Frick and Carnegie claim that the AAISTW workers hold too much power over the production at the steel mill and want to take steps to limit this power by cutting wages, issuing individual contracts, and lengthening the work day.  With the introduction of a new wage scale in January that cut the AAISTW workers’ wages by roughly 18%, it is evident that another conflict is approaching (Brecher). As such, the unions have been preparing for a strike and are ready to take that action should they decide that is the best way to go.
Labor Side
For all delegates representing the labor side, you must consider the demands and needs of the workers you are representing while taking into account the leverage that you have.  Many of the workers going on strike are doing so because the wages they earn are not sufficient to support their families. Furthermore, the hours they are working make simply going to work dangerous because of the exhaustion that they face. Unfortunately, at this point, the workers have very limited power. The difference in demands between labor groups also helps to weaken the workers’ case.  While some groups are focusing on very basic and universal issues, such as the afore-mentioned “bread and butter” requests, others are concentrating on more wide-scale reforms that at this point may be unattainable, such as the wide-scale political reforms that the Knights of Labor are lobbying for. The main focus of those representing the labor side should be to improve the conditions that workers face.  In order to do this, it is vital that you keep public opinion on your side.  In doing so, it is important to distinguish yourselves from radical labor movements, which threaten your public image. The Molly Maguries will be threatening the goals you are trying to see accomplished by their acts of terror.  You have no control over what they do; however, you do have control over how you use the media and distance yourselves from them.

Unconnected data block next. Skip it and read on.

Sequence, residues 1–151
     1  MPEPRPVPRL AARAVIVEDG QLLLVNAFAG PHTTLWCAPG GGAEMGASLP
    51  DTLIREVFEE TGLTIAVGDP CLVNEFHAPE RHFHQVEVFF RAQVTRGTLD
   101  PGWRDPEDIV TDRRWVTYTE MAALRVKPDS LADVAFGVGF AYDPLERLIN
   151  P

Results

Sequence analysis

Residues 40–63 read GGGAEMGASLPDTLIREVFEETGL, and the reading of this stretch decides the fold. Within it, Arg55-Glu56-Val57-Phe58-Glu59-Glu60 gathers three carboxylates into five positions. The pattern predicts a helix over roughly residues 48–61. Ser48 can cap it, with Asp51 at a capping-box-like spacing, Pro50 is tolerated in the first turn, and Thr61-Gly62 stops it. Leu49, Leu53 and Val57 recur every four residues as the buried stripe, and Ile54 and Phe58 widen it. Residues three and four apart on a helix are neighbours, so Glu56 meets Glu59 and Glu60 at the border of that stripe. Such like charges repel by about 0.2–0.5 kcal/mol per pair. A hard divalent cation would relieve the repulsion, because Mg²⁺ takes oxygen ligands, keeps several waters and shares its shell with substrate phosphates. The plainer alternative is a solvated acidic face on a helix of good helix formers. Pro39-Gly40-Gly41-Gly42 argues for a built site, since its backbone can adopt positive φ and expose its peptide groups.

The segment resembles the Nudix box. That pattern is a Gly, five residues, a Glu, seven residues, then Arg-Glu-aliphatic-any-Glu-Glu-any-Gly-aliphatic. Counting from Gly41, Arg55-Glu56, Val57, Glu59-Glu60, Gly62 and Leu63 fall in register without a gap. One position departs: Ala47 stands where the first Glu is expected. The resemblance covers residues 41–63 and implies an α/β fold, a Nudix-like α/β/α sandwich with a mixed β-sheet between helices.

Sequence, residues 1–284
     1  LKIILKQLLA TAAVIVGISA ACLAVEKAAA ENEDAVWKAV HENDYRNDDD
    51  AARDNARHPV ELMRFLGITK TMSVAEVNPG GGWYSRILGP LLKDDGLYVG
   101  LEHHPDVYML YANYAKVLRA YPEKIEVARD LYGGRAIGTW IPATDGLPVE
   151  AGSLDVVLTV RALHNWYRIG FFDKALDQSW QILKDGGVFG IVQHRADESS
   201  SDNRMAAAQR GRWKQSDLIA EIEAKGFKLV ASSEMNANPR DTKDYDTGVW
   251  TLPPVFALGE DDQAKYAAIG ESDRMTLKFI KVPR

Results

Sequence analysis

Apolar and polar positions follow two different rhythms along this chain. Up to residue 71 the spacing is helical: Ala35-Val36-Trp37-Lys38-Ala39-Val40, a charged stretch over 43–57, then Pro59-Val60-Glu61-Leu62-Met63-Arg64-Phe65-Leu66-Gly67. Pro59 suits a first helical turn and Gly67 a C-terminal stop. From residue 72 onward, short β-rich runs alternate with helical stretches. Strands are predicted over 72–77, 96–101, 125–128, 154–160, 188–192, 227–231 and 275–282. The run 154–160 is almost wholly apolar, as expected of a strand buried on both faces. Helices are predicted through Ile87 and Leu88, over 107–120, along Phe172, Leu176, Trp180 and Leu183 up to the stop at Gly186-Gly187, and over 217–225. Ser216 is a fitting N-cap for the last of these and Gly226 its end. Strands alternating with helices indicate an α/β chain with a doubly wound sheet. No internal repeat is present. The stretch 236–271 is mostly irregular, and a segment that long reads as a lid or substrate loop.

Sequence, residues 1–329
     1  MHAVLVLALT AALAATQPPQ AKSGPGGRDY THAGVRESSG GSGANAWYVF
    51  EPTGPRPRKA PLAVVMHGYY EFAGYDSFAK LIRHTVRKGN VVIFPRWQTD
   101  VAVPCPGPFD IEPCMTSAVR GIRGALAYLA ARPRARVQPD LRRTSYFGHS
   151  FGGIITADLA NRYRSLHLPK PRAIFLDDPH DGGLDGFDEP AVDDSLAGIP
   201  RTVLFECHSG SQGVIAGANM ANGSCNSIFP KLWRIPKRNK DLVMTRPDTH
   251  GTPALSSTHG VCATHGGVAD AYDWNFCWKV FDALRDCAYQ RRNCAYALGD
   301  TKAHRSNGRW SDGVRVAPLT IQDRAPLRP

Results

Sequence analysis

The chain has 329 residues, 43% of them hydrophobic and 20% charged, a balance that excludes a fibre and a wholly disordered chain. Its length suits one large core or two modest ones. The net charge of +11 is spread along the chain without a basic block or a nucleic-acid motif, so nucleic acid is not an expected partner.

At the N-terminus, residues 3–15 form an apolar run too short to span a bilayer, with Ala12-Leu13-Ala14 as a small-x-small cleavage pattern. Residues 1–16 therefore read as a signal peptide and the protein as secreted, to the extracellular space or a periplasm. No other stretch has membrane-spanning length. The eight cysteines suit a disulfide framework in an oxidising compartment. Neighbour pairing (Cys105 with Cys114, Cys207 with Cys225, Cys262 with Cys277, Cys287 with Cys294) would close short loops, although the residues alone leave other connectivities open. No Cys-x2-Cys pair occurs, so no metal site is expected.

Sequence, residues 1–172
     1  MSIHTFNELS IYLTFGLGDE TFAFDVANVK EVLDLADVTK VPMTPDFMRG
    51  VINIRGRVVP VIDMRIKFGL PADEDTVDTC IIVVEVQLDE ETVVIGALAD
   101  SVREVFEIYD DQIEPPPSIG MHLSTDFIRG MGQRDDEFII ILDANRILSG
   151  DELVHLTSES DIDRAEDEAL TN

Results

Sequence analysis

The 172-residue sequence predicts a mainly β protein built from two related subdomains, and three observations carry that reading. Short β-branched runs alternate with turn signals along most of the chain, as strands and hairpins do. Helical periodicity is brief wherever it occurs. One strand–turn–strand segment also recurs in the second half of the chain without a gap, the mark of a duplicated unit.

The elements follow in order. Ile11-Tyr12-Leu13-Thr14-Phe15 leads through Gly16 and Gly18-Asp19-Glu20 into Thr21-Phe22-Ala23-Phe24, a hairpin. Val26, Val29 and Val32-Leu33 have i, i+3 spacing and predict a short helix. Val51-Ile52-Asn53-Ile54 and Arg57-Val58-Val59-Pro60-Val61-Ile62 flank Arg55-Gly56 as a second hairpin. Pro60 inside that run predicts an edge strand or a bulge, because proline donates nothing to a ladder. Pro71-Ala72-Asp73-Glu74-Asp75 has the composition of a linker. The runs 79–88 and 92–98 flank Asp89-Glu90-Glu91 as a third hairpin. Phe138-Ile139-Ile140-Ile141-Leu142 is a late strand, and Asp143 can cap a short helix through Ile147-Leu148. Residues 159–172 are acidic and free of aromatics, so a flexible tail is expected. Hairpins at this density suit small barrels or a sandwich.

The Homestead Steel Mill Side
Delegates representing the Homestead Steel Mill side of the dispute should focus on maximizing profits for the company. Strikebreakers are inefficient and bad for your public image; however, in some cases they may be considered necessary. Unfortunately, replacing skilled workers is not an easy task and you may be forced to concede on a few points in order to get them back to work. While you do have an advantage because of the constant influx of cheap, immigrant labor, the longer this dispute drags on, the more money it could cost the company. Overall, resolving the dispute should be your main priority. In order to do this, you must keep public opinion on your side and continue to portray labor as the enemy.  

Questions to Consider

  1. What are your individual priorities outside of your block positions?

  2. How are you going to respond if the laborers decide to go on strike?

  3. Is going on strike the most effective way to resolve this crisis?

  4. If not, how else can it be resolved?